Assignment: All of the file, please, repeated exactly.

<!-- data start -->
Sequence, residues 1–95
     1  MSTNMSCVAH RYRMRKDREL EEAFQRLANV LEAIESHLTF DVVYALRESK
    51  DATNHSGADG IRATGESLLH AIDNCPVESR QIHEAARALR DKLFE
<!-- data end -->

Sequence, residues 1–95
     1  MSTNMSCVAH RYRMRKDREL EEAFQRLANV LEAIESHLTF DVVYALRESK
    51  DATNHSGADG IRATGESLLH AIDNCPVESR QIHEAARALR DKLFE